The Marble Mines of Carrara – Visiting this special place is quite an experience and these beautiful mountains with their white treasure, exposed for all to see, even from the railway line way below them, are available to visit only a couple of hours away from Florence by train.
After chatting and snacking for nearly two hours aboard the train winding North to Northwest from Florence my small group and I were met at Carrara Avenza station by our guide Marco, who took us in his minivan carefully winding up the marble-dusted roads into the Massa Carrara mountain range until, where still way up high above us we could finally see where the white Carrara marble quarries are hacked into the mountain face.
There are 43 quarries, most looking similar to the ones shown above and below.
Visitors have to wear high-visibility jackets and hard-hats, but health and safety at work regulations don’t seem to figure highly in the concerns of the workforce. The guy below was being fork-lifted onto a higher plane of cut marble.
All of these quarries were previously small private Italian family-run businesses. Now, in these days of Global Economy, all but 3 of these mines have been incorporated into 2 large International conglomerates.
The minivan bounced its way along the roller-coaster road through the narrow tunnels cut into the mountains, until we arrived at a central valley where we saw in close-up the rock face of the marble mines. Surprisingly, given its reputation for the purity of its white much of it wasn’t pure white but appeared to be rusty red Carrara marble. This was because when cut it can become stained by the elements or the cutting gear.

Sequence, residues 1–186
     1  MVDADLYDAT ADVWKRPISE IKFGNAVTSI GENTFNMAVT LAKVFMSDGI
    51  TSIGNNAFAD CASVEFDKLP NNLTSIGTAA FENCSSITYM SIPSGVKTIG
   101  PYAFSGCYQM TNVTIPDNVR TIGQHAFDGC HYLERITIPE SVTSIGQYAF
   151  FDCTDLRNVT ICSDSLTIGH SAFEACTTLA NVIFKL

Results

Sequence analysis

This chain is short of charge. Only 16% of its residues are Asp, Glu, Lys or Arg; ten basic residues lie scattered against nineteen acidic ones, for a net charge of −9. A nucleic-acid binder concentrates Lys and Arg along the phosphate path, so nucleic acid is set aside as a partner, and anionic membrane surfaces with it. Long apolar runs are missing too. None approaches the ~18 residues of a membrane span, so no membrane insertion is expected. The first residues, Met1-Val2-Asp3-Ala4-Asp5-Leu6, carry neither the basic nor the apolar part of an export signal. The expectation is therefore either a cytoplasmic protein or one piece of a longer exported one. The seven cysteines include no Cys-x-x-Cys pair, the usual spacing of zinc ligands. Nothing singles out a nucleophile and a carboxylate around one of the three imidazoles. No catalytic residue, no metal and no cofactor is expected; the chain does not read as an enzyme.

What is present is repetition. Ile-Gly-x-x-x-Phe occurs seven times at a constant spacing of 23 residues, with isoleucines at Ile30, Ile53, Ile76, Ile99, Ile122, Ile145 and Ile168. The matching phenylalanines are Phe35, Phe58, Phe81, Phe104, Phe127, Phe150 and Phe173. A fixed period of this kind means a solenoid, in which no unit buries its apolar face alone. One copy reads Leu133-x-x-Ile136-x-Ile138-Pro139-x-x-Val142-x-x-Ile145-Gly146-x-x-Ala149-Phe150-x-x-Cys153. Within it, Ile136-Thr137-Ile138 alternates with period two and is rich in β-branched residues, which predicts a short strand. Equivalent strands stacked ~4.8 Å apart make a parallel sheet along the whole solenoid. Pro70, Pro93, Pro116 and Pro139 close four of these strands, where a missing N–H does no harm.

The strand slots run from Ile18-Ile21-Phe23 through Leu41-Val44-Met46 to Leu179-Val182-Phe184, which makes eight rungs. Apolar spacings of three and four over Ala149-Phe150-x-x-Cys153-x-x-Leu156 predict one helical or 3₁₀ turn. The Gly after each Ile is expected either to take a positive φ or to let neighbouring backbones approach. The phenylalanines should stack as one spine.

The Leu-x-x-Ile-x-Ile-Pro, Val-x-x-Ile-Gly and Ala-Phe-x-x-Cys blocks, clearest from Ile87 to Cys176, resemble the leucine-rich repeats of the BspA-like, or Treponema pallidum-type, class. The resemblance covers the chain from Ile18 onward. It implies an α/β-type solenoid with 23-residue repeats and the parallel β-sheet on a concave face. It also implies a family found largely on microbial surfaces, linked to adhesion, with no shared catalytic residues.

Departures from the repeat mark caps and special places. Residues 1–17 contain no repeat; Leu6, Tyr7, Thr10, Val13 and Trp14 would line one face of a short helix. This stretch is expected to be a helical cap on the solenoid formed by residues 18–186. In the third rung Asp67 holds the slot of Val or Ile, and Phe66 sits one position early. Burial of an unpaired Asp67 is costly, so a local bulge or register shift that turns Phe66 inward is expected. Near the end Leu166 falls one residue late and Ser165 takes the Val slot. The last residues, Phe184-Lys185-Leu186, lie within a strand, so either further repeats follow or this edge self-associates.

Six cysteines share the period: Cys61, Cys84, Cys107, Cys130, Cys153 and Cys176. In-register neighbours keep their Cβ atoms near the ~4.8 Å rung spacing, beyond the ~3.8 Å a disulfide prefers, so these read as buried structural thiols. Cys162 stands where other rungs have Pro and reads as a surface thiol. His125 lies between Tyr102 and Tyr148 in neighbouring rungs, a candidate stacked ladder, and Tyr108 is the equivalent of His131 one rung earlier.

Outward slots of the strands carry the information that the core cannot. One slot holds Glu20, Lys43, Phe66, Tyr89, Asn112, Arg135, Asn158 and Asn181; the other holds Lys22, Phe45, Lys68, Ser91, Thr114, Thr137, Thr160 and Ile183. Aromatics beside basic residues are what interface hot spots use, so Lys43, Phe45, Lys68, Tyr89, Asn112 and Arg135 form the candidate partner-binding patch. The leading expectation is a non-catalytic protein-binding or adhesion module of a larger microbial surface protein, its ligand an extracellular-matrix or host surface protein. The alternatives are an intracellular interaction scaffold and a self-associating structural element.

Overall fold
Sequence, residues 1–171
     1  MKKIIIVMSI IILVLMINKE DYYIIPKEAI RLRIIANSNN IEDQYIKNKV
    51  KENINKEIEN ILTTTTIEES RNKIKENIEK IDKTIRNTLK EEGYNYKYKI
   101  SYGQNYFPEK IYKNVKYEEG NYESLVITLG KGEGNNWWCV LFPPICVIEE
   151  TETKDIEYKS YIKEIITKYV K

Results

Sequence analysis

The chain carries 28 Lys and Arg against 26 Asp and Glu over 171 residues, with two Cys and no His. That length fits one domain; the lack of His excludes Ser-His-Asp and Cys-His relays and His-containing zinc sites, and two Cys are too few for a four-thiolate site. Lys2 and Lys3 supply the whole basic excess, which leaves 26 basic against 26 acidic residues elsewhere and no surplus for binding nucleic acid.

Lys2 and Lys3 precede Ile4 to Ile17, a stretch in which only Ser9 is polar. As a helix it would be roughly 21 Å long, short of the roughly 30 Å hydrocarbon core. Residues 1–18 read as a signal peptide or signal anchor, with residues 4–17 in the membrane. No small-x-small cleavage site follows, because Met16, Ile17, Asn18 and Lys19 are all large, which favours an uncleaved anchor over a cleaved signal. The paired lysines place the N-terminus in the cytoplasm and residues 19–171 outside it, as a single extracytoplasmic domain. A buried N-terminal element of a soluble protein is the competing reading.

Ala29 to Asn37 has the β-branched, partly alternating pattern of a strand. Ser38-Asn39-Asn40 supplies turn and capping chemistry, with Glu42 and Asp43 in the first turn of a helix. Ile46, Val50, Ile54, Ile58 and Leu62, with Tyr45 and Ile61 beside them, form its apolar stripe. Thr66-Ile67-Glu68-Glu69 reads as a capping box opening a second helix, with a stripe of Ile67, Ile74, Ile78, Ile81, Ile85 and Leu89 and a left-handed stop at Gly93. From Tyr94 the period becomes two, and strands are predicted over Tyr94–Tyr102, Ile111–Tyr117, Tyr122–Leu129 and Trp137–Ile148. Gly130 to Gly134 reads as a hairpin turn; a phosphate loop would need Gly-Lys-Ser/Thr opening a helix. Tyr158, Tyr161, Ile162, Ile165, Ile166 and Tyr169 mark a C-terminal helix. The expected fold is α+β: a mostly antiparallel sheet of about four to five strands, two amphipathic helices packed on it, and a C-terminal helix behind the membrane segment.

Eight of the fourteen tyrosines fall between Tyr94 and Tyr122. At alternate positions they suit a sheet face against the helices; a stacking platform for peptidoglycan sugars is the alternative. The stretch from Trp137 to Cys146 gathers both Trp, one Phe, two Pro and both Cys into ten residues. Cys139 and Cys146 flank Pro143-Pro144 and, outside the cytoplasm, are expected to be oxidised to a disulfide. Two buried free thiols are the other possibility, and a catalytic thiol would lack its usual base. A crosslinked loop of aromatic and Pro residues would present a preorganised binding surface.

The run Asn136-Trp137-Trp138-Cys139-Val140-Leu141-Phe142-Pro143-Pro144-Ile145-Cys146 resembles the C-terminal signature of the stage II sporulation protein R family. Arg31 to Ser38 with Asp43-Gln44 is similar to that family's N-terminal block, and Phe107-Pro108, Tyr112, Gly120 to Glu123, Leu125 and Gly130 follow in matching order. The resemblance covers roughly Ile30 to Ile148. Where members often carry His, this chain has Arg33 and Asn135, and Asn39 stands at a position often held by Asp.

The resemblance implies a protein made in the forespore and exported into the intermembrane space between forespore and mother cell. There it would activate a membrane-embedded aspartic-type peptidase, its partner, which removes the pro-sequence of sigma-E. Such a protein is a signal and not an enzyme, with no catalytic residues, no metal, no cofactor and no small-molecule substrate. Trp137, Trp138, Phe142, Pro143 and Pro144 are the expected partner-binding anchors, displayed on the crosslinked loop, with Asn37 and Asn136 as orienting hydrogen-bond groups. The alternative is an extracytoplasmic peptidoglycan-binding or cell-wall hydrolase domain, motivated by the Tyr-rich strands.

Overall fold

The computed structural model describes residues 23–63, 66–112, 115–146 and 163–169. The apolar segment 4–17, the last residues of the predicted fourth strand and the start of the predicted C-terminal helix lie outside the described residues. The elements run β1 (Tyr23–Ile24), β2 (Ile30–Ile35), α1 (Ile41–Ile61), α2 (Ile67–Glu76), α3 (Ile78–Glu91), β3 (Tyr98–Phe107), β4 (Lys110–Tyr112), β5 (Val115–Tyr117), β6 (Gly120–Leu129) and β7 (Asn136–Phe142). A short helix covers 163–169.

View from the
top of the mountain
There are three ways used to cut marble; one of which for large blocks, is a huge circular saw, the original way is using a Diamond cutter, which is still used in the older mines, and now a modern method uses a mix of water and a cutter.
Various cutting devices
Gigantic circular saw for slicing huge blocks
In the centre of the mountain range there is an old mine where there is an ancient brick bridge still standing but now unusable after a bomb attack in the early 1900’s by latter-day Italian “Luddites” whilst protesting against proposed changes from using their traditional gentle white oxen and mules to transport the precious marble and replacing them with lorries and vans to take them to the River Arno for shipment to Florence and Pisa.
In these Cities for more than six centuries, Carrara’s marble would be shaped and polished into fire-proof cladding for stately cathedrals or fashioned into timeless sculptures such as Michelangelo’s David (1501-1504)
or, nearer to my home in London, Jean-Louis Roubiliac’s 1783 image of Georg-Friedrich Handel specifically created for Vauxhall Gardens
where some of his works were premiered.
Today, Carrara marble is more likely to be loaded into giant containers bound for the bathrooms of millionaires in China or Russia.
The highlight of our day at the Carrara quarries was another bouncy ride through a mountain galleria that leads to a working quarry inside a mountain.
Brilliantly lit, the quarry clearly shows how over the millennia, the strata of marble underground lies flat like so much thinly-pressed paper whilst in the marble mines outside you can see these lines, lying at 45-degree or more angles where they have been pushed up by the pressure from beneath.
Standing inside a mountain made of shining marble creates a sense of time and wonder that is not easily forgotten.
Many thanks to my little group for joining me when it was cold and cloudy – I will be taking more groups in the summer when hopefully we will get clearer views.